Happy Bubble Time


Feb 18, 2012 https://davidseah.com/2012/02/happy-bubble-time/ I described a feeling of having too many things to do and not having done anything. My own projects are all equally urgent (and therefore none of them are). I feel dissatisfied, but am not sufficently motivated to work because (1) unknown rewards are not compelling and (2) unknown time commitment feels too much get that unknown reward and (3) the desire to have immediate reward puts mind into optimization mode, which has no obvious starting point and (4) there is no one else with my specific desire or with equal buy-in to the mission.

Result: stuck. this is one of my forms of resistance.

I also know from experience that a lot of my best work came from screwing around when I was NOT concerned about any of that stuff, but was driven more by curiosity. Alternative, I can get into that mode when I just put all those uncertainties out of my mind so the only thing left is A QUESTION of HOW or WHAT, and then the inquiry project (taskless and timeless) begins. The result is knowledge, which diminishes uncertainty and create a path that I couldn’t see before.

I think of this as getting into a “happy bubble”, and it doesn’t have to be long. It is what I do when I’m procrastinating by researching more interesting subjects (as opposed to procrastinating by binging media). THOUGHTFUL procrastination rather than MINDLESS procrastination.

It just takes me being able to isolate my mind from the other dreck, and sticking in the room with one question that leads to another, and amassing knowledge. In a more directed form, the question is chosen to direct the energy toward a suspected vein of desired material.

Feb 18, 2012 https://davidseah.com/2012/02/happy-bubble-time-ii/

How to turn an unpleasant chore into HBT? The “one thing at a time” mantra is accurate but not informative. In cleaning the kitchen, I recognized that the performance of any starting task would result in the gathering of data if I was mindful of it. This is the “make everything a game” mentality, but less dogmatic. I could trust myself to apply the insights to create a more optimal way of doing it, and to characterize the task in such a way that I could be more certain about it (time taken to do, improvement noted afterwards).

Some chores are repeating, so the time taken helps make a more certain assessment of the tradeoff between time and result. Before, not knowing the time, I couldn’t easily make that assessment.

In HBT, when the focus is CLEAR and TRUE, this is the FLOW STATE. But when the focus is broken or boredom arises, then it requires extra mindfulness to stay on track. HBT might work best as an EXCEPTION to work, and there is a subtle difference between DIRECTED BUBBLE TIME (DBT) and HAPPY BUBBLE TIE (HBT).

Feb 19, 2012 https://davidseah.com/2012/02/happy-bubble-time-iii/

I noted the distinction between work and happy bubble time here too. The idea is the bubble of isolation.

A lack of pressure helps contribute to productive happy bubble time. Pressured time requires a different kind of bubble (focus by being free of distraction, rather than a sheer exertion of willpower)

I noted that a good attitude is essential for happy bubble time. And looking for a way to turn dull tasks into some kind of datapoint also helps. The experimenter’s attitude.

A peculariaty I have is that I enjoy making systems, and acquiring the knowledge that makes me able to form systems and systematically understand.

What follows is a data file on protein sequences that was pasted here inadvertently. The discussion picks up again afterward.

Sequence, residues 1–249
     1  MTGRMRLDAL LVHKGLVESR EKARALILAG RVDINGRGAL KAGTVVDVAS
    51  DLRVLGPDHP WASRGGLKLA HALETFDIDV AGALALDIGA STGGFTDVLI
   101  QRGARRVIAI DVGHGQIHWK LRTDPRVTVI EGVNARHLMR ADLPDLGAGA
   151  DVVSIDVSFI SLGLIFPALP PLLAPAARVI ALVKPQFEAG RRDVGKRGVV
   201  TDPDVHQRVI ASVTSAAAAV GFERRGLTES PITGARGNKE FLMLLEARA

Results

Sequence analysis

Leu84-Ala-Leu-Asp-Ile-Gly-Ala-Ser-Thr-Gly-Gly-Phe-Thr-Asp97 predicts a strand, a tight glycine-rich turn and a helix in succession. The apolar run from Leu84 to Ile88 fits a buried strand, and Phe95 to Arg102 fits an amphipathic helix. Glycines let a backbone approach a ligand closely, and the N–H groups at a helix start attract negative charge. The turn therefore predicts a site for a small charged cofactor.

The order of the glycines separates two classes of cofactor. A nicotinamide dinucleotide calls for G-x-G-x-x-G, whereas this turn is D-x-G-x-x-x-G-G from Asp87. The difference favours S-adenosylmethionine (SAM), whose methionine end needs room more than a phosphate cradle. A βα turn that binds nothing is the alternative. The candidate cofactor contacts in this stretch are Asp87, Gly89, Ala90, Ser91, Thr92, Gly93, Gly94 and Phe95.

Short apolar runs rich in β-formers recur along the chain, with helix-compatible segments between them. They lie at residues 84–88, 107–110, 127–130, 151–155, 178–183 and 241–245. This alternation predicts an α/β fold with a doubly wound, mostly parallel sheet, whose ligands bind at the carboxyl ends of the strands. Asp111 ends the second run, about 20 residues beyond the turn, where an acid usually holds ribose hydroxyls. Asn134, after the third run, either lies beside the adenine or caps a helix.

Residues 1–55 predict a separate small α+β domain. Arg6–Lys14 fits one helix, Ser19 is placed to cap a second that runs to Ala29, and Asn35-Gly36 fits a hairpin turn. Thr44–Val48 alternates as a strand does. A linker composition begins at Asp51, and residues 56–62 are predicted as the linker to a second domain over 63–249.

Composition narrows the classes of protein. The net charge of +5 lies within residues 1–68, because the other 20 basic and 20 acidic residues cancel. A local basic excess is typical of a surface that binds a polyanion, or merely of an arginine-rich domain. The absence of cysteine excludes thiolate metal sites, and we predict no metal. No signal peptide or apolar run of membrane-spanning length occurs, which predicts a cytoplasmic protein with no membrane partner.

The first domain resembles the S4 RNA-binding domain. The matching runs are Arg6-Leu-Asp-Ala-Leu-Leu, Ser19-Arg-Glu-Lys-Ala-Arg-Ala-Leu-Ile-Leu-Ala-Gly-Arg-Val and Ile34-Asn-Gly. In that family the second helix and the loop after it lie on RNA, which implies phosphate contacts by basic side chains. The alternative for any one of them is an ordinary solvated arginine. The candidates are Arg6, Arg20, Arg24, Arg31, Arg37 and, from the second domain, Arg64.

I also like surprise knowledge and unexpected insights I had not imagined.

Some chores are unpleasant and just take time. THe bubble gambit is being certain that a good result is a few minutes to an hour away (manufacturing certainty based on past experience measures), and that this can drive further progress (the 15 minute rule)

I like making systems or finding ways that will make a task that should be done well EASIER next time I have to do it.

HBT and WBT is about working through the problem, allowing myself the time it takes to just push through it and let my mind gather information and react to it. The difference is that I arrange a steady supply of quite minor triggers for my mind, which is highly efficient at turning them into full-blown inquiries and structuring that knowledge.

Mar 13, 2012 https://davidseah.com/2012/03/happy-bubble-time-concept/

I describe HBT officially. Equal parts obsessive interest and focus. Happy = fulfillment of obsessive interest. Bubble = focus by forgetting everything else exists

Having a lot of HBT is important to my well being. You could describe it as a lifelong interest in learning, self improvement, and making interesting things.

Elements are described: * It’s not the desire to be lazy. It’s the desire to have a serene, undemanding lifestyle. * It’s about having the focus, time and capability to produce good things…without pressure or guilt. * It’s a sense of enjoyment, freedom, and having permission to play without worry, for at least a little while. * It’s productive, because the result of true HBT is something new that you can show to people. If you haven’t learned or made something new, it’s not HBT.

Similar to flow:

[…] the mental state of operation in which a person in an activity is fully immersed in a feeling of energized focus, full involvement, and success in the process of the activity.

HBT is my personal formula for flow. The goose that lays the golden eggs, but don’t know what’s inside. I feel unburdened to explore and create, thanks to the bubble.

I have to make room for it regularly. I am an impulsive dreamer with messy habits, content to ignore it unless something pressures me into having to confront it. The secret to my work-life balance is to be able to make room for and be in HAPPY BUBBLE TIME. It is the way I learn and create.

HBT 15m strtup leads to hours of learning HBT is unpredictable in time and result, but still produces results